As a transplanted lomographer in New York City, I found that my real home was where I wasn't. Photos of my beloved adopted hometown, and the reasons why our pizza (and our city) is the best in the world.
Chicago was my first serious relationship. I came here wide-eyed and from a much smaller Midwestern city. At eighteen, I had never lived in a large urban environment, among those who flew along sidewalks, picnicked in parks, went to jobs in The Loop after riding the L. There was so much to learn.
After college I did the equivalent of leaving my high school boyfriend: I moved to New York City. I had conquered the third coast, what more could it have to offer me? While others were leaving their college towns of Champaign or Columbus or Ann Arbor for Chicago, Chicago now was my college town. So I got on a plane.
Like a bad romantic comedy, living in Astoria, Queens and traipsing all over Manhattan and Brooklyn was fun for a while, but only made me realize what I had back home. I missed Chicago constantly. I once almost hugged a stranger coming out of the Q train because he was wearing a Cubs hat (Ludicrous, given that I’m a White Sox fan). Some friends tried to surprise me and ordered a “Chicago style” pizza from a sad chain restaurant. It arrived in a miniature form, sad, lonely, limp. “It’s brilliant!” Chris declared. He’s from New Jersey.
For the uninformed: REAL Chicago pizza is a deep dish of crust filled with cheese and “toppings”, sauce on the top, which requires a knife and fork for consumption.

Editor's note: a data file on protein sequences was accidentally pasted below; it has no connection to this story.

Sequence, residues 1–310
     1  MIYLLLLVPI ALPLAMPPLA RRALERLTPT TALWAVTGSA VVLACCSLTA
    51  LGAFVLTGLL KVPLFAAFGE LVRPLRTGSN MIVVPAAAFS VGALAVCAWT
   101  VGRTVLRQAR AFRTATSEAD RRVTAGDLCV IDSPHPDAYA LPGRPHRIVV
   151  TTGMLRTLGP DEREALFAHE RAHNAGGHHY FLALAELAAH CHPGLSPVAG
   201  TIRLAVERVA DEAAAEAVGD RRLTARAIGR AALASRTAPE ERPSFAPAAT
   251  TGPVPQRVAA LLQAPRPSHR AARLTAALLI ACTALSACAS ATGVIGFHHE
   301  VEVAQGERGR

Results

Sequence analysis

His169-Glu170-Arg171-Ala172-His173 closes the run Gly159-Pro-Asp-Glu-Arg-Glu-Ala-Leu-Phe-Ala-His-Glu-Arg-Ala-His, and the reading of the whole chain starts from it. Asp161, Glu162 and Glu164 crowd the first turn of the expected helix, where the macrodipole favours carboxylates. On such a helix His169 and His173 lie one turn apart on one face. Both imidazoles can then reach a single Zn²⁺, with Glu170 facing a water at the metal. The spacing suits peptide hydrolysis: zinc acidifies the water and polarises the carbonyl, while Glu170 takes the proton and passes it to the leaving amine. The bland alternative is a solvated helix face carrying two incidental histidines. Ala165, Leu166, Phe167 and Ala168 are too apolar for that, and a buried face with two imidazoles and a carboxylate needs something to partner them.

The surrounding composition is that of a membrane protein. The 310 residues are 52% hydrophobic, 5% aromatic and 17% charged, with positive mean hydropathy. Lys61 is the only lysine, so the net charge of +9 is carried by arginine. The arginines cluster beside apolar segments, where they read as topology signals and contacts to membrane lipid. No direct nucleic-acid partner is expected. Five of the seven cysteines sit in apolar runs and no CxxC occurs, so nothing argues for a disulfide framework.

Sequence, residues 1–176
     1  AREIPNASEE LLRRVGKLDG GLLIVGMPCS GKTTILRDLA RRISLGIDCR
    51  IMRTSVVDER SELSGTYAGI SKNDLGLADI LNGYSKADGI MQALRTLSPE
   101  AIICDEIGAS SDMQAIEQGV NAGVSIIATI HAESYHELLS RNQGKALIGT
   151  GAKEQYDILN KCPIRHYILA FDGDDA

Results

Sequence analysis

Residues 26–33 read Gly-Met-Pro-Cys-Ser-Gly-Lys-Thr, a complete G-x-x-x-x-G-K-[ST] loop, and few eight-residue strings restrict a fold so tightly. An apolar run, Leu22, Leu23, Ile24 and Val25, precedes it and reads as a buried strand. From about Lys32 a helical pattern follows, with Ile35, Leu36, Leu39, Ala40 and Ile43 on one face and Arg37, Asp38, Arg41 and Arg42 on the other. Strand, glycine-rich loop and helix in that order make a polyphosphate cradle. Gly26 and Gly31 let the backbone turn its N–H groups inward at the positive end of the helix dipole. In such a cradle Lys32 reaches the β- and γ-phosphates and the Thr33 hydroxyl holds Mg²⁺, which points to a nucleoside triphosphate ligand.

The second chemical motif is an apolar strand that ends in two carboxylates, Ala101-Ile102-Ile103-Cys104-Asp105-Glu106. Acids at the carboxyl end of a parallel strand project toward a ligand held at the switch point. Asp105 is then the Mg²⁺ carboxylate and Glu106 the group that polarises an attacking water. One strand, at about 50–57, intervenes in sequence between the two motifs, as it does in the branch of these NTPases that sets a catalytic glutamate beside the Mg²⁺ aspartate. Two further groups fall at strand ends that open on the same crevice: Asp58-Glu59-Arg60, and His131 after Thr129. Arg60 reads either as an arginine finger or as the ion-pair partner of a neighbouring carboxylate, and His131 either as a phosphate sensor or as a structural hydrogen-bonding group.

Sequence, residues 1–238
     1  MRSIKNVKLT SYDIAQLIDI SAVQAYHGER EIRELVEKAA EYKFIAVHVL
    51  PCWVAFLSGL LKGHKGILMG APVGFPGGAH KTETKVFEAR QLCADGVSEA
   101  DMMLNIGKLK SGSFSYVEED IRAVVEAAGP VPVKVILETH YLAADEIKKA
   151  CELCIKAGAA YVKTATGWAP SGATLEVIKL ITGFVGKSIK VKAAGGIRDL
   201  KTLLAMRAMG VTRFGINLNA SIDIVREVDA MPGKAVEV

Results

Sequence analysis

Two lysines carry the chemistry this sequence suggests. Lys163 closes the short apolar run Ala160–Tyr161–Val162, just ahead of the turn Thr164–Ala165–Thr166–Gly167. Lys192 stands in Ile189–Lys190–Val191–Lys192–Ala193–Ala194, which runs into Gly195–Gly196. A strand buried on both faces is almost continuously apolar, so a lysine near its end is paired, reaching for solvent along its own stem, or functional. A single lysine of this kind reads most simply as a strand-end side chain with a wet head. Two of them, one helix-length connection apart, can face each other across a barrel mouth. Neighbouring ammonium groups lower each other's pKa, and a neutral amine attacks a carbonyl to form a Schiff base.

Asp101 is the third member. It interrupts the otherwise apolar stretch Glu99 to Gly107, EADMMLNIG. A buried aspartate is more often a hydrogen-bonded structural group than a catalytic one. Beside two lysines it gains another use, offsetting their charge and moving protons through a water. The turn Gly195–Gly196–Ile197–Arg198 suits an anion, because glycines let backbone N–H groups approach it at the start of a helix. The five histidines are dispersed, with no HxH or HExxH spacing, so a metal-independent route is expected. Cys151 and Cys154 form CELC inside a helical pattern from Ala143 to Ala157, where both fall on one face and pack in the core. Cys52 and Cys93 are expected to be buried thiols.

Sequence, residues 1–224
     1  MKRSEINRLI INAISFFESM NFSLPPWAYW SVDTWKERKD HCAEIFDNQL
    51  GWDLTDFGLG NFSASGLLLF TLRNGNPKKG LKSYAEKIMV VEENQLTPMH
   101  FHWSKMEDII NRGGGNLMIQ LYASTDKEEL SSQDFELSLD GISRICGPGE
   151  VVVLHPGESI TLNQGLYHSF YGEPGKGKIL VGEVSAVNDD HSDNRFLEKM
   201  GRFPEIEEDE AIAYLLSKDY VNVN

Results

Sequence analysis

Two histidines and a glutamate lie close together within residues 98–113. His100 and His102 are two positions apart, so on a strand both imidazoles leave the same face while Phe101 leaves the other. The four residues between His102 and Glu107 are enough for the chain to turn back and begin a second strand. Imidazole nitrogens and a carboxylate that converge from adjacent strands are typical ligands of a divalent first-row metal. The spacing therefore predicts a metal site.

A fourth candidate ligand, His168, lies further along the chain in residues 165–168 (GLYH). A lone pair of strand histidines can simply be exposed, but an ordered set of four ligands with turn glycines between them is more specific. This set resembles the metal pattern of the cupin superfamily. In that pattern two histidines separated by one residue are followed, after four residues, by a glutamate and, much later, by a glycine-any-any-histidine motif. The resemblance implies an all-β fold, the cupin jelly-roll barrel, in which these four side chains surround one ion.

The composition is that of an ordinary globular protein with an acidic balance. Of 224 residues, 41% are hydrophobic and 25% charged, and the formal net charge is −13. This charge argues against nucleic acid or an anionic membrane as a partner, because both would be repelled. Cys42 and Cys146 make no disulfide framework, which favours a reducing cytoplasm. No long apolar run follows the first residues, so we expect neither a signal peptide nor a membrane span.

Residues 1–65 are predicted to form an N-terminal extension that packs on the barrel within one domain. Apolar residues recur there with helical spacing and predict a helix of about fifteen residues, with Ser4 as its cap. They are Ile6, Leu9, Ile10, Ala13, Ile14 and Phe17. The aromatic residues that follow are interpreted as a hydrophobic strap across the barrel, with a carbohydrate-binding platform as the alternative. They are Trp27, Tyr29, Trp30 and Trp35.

I moved to New York on November 1, 2008. Two days later the whole world, along with myself at Rockefeller Center, was watching Chicago. Never had I been prouder. Never had I known where I belonged.
Not much later, I moved back. At O’Hare Airport, I wanted to kiss the ground, the blue recycle bins that said “Mayor Richard M. Daley” all over them. It wasn’t just proximity to family or friends, it was the feeling of being in the right place, the right plug in the light socket. A skyline that opened up over an expanse of water without New Jersey behind it. Public beaches. Clean streets. Crappy public transportation…
There’s plenty to knock about Chicago. Our winters are too cold, our politicians too corrupt, our buses too slow. But deep down, we like that struggle. We need it. Without it, we would never be able to experience the ecstatic joy of a 75 degree St. Patrick’s Day with impromptu parties on the streets or the sheer euphoria when one of our sports teams actually wins a title. Even if you’re not a fan, on one of those nights, everyone is.
After seven (non-consecutive) years of being a Chicago resident, there is still so much to explore. I hope my photos capture the magic, grit, and pizza of this place.
Have you ever had a moment where you suddenly knew where you wanted to call “home”?